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From the early nineteenth century, British scholar-officers readily compared Mirabai to European mystics as a way to come to terms with this intriguing and admired sixteenth-century woman as they attempted to order the dense weave of Indian culture and religion through the production of knowledge. And in the twentieth century she would increasingly be cited in comparative works on women’s voices, resistance, and religious lives and on global ethics and spirituality. This chapter will explore the place she comes to occupy, beginning by tracing the ways that Hindu bhakti or “devotion” maps (or does not map) onto European Christian and subsequent scholarly conceptions of mysticism and the challenges of comparison without clear textual traditions of either her story or voice and the resulting lack of access to this individual woman’s thoughts and actions. The context in which this extraordinary woman must have lived includes both emerging institutionalized religious institutions that adopted the feminine persona as the ideal devotee and political configurations with attendant notions of honor, feudal domination, and masculinity that include the exchange of women to cement political alliances. As an actual embodied woman of her time speaking of her own desires with her own direct relationship with God and breaking rank with feudal, familial, and religious authorities, she challenges it all, and songs in her voice and narratives of her life multiply rapidly, offering alternate views of social relations and of gender and gathering force across the centuries as others take up her story and songs. With particular attention to the works of feminist philosopher of religion Pamela Sue Anderson and comparative theologian Holly Hillgardner, this paper will examine how comparisons might legitimately be made between European women mystics and this Hindu woman “saint,” about whose individual subjectivity so little can be verified and yet who remains very much alive in an intersubjective participatory realm of oral performance, identity formation and individual, social and spiritual transformation.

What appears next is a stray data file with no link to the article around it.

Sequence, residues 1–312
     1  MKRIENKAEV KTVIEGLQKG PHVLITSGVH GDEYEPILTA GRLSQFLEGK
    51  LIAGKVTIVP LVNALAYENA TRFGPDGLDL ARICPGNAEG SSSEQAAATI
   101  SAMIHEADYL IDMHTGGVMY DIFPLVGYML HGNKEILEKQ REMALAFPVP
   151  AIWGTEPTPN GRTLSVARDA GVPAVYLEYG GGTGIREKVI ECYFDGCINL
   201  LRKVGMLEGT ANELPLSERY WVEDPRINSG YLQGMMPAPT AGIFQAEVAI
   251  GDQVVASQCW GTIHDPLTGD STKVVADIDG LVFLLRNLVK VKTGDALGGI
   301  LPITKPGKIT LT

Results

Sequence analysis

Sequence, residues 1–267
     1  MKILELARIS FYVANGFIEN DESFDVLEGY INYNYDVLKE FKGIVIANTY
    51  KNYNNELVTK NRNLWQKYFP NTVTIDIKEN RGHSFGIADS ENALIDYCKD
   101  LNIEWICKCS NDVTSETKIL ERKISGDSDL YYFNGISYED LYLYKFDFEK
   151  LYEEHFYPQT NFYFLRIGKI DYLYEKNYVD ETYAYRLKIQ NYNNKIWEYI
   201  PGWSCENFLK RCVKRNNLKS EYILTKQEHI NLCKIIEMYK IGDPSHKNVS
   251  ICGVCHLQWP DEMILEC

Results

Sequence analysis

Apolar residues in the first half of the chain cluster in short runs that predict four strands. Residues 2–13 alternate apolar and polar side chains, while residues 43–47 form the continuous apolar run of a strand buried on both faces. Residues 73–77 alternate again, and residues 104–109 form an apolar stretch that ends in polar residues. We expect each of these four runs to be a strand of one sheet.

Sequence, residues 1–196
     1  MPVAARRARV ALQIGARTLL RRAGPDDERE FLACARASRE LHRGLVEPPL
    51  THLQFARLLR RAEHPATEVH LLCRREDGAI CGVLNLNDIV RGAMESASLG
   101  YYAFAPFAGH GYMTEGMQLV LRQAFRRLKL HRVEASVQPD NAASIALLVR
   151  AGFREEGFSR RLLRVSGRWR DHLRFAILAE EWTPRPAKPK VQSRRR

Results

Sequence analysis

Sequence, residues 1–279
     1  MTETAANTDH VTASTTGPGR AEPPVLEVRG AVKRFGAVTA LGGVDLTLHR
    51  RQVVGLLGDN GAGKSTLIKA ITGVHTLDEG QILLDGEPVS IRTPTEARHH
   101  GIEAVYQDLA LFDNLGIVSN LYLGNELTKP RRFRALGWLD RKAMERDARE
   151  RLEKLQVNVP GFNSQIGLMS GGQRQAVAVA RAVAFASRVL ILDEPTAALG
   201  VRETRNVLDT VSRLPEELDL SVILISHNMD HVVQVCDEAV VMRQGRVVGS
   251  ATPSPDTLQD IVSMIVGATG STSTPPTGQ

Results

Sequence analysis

Publication Date





New York, NY


Mirabai, Hinduism, saint, comparative religion


Christianity | Comparative Methodologies and Theories | Hindu Studies | History of Religions of Eastern Origins | Other Religion | Religious Thought, Theology and Philosophy of Religion | South and Southeast Asian Languages and Societies | Women's Studies


In Alexandra Verini and Abir Bazaz (Eds.), Gender and Medieval Mysticism from India to Europe.



Invoking Mirabai: Elision and Illumination in the Global Study of Women Mystics